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abstract accident affirmative proposition Amphiboly analysis apodictic applied argument Aristotle assumed called the Fallacy class denoted common commonly consists constitute construed contradictory copula corresponding defined definition dicto simpliciter Dictum de Omni distinction distinguished doctrine equal equation equivalent Equivocation essential example exclusively fact Fallacies of Accident false fictitious figure formal former genus gism Hence Hobbes Ignoratio Elenchi illicit assumption illicit substitution included individuals inference intuitively involved Irrelevant Conclusion judgment kind knowledge lacies language latter Laws of Thought logical processes logicians mankind Material Fallacies mathematical meaning middle term minor premise Moral Sciences nature negative proposition nonsensical notions or concepts observed obviously opinions osition particular propositions perceived political predicate principle prop ratiocination rational reductio ad absurdum regarded relations of terms Secundum Quid sense significative relation simply sion Sovereignty species Subcontraries syllogism theory things thought tion true truth universal affirmative vocal Whately words
Page 216 - ... the horses that were each black and white. The legatee claimed that he was entitled to both classes ; and, hence, in the one or the other of his claims, was guilty of this fallacy. § 203 (5). THE FALLACY OF ACCENT OR PROSODY (F. ACCENTUS F. PROSODI&\ — This fallacy is also a species of equivocation, ie, either Homonymy or Amphiboly. It consists in varying the meaning of a term or proposition by change of accent, tone, or punctuation. The most extreme case of this is that of irony, by which...
Page 12 - By what steps we are to proceed in these, is to be learned in the schools of the mathematicians. who from very plain and easy beginnings, by gentle degrees, and a continued chain of reasonings, proceed to the discovery and demonstration of truths, that appear at first sight beyond human capacity.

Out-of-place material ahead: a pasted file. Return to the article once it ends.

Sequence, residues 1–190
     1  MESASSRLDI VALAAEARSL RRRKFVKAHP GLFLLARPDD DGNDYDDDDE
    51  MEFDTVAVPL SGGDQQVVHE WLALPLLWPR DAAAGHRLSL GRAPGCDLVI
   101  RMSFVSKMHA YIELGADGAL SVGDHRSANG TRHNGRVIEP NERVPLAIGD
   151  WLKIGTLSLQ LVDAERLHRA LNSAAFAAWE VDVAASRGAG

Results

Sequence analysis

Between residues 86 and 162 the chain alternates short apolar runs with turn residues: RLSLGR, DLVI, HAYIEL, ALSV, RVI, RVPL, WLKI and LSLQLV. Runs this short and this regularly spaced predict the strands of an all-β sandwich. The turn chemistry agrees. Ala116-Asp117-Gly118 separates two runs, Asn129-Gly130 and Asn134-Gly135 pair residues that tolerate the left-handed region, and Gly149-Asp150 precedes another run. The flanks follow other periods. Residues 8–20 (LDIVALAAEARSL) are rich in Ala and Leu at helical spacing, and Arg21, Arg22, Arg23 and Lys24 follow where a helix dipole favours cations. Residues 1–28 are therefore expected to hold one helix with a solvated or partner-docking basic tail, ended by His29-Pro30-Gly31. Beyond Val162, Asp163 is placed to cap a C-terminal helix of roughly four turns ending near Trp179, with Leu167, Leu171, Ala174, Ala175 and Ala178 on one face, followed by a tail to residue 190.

Page 236 - He was bred to the law, which is, in my opinion, one of the first and noblest of human sciences ; a science which does more to quicken and invigorate the understanding, than all the other kinds of learning put together ; but it is not apt, except in persons very happily born, to open and to liberalize the mind exactly in the same proportion.
Page 16 - And the most part of men, though they have the use of reasoning a little way, as in numbering to some degree, yet it serves them to little use in common life, in which they govern themselves, some better, some worse according to their differences of experience, quickness of memory, and inclinations to several ends; but specially according to good or evil fortune, and the errors of one another. For as for 'science,' or certain rules of their actions, they are so far from it that they know not what...
Page 131 - Him thus intent, Ithuriel with his spear Touched lightly ; for no falsehood can endure Touch of celestial temper, but returns Of force to its own likeness : up he starts, 'Discovered and surprised.
Page 230 - A servant who was roasting a stork for his master, was prevailed upon by his sweetheart to cut off a leg for her to eat. When the bird came upon table, the master desired to know what was become of the other leg. The man answered, that storks had never more than one leg.
Page 215 - Fallacy of division;" the term which is first taken collectively being afterwards divided; and vice versa. The ordinary examples are such as these ; all the angles of a triangle are equal to two right angles: ABC, is an angle of a triangle; therefore ABC, is equal to two right angles.
Page 233 - For some part of the inestimable benefit of that book has, merely on account of its title, reached to many thousands more than, I fear, it would have done, had he called it (what it is merely) a grammatical Essay, or a Treatise on Words or on Language.
Page 127 - The consideration then of ideas and words, as the great instruments of knowledge, makes no despicable part of their contemplation, who would take a view of human knowledge in the whole extent of it. And perhaps if they were distinctly weighed, and duly considered, they would afford us another sort of logic and critic, than what we have been hitherto acquainted with.